Sun, 23 January 2022

Newsletter sign-up

Subscribe now
The House Live All
Home affairs
Home affairs
Home affairs
Press releases

Lord Wallace: Tory pledge on Human Rights Act 'could plunge this country into a legal and constitutional crisis'

Lord Wallace: Tory pledge on Human Rights Act 'could plunge this country into a legal and constitutional crisis'
3 min read

Former Deputy First Minister of Scotland Lord Wallace of Tankerness writes ahead of his Lords debate today on Human rights and civil liberties in the UK.

During my time as Deputy First Minister of Scotland, I had the somewhat doubtful distinction of becoming the first government minister in the UK to be on the wrong end of a decision under the Human Rights Act. As a result I know first-hand of the value of that Act in giving British citizens the ability to challenge the state. The state has the power to improve people’s lives, but also the power to damage them. Such power should not operate in a vacuum – there must be a check on the state. The Human Rights Act provides this very powerful safeguard.

As the debate on the future of the Act progresses, it is essential that we do not focus only on the philosophical importance of our rights and freedoms, but that we also concentrate on the very real way in which the Human Rights Act has protected individual citizens against the arbitrary use of state power.



Human rights vs the surveillance state
Courts could be thrown into chaos as lawyers strike over cuts

The right to life has ensured justice for the families of victims of domestic violence. The right to liberty has ensured that people with mental health conditions are not unlawfully detained. Freedom of assembly has protected the rights of people to join trade unions. The right to family life has secured proper support from a local authority for a child with Down’s syndrome.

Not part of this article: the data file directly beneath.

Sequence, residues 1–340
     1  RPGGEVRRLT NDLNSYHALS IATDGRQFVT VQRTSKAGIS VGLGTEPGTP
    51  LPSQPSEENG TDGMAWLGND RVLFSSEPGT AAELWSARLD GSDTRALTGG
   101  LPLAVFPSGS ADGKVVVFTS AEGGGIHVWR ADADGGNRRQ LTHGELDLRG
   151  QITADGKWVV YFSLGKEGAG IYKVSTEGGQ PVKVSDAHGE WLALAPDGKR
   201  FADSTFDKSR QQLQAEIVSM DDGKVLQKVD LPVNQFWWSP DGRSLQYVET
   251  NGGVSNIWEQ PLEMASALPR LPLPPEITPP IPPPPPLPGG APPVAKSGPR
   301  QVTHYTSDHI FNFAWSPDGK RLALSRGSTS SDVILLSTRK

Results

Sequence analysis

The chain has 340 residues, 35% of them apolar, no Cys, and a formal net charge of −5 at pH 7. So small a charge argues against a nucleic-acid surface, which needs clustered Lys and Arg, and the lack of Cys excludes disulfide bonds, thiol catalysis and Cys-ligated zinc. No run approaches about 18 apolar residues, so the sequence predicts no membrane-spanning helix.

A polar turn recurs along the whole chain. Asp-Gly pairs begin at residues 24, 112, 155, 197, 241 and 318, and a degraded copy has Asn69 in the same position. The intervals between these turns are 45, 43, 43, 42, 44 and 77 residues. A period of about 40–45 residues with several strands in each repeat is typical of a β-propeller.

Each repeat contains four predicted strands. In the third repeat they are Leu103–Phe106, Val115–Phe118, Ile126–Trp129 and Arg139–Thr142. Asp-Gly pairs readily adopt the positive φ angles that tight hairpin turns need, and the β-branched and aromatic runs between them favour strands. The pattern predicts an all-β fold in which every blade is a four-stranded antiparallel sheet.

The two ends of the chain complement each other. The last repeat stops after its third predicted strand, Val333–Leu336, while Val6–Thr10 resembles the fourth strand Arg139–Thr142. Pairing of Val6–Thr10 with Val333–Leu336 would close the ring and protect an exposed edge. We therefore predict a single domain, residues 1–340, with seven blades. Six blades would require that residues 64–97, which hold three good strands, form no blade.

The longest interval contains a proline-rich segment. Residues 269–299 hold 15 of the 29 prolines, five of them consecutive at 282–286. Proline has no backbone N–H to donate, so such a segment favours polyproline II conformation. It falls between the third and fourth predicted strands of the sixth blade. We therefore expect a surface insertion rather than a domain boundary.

So which of these rights does the Government want to get rid of? What is it about the Human Rights Act that this Tory Government fears so much? Or is it part of a wider move by the Conservative Party to make it harder for those with legitimate reasons to challenge actually challenge the power of the state ahead of their planned cuts to benefits, proposals to sell of housing association properties and far reaching measures to allow the security service to keep people’s emails and other data?

In any case, it is clear that the Government has not given any serious thought into their plans to repeal the Human Rights Act and replace it with a British Bill of Rights. The Human Rights Act is hardwired into the devolution settlements in Scotland, Wales and Northern Ireland. The Good Friday Agreement required a massive leap of faith from all parts of the community, and the assurances over human rights were – and remain – a central part of the peace process. This is not something that can be casually brushed aside.

The implications of the Tory manifesto commitment are at best a dog’s breakfast, and at worst could plunge this country into a legal and constitutional crisis. This is a fight we should not be having. The contract between the state and the public should be retained and enhanced, not diminished or swept away.

There are fundamental questions that need answered about the effect of repealing the Human Rights Act. The Lords’ debate may tell whether they have any coherent answers.

PoliticsHome Newsletters

Get the inside track on what MPs and Peers are talking about. Sign up to The House's morning email for the latest insight and reaction from Parliamentarians, policy-makers and organisations.


Home affairs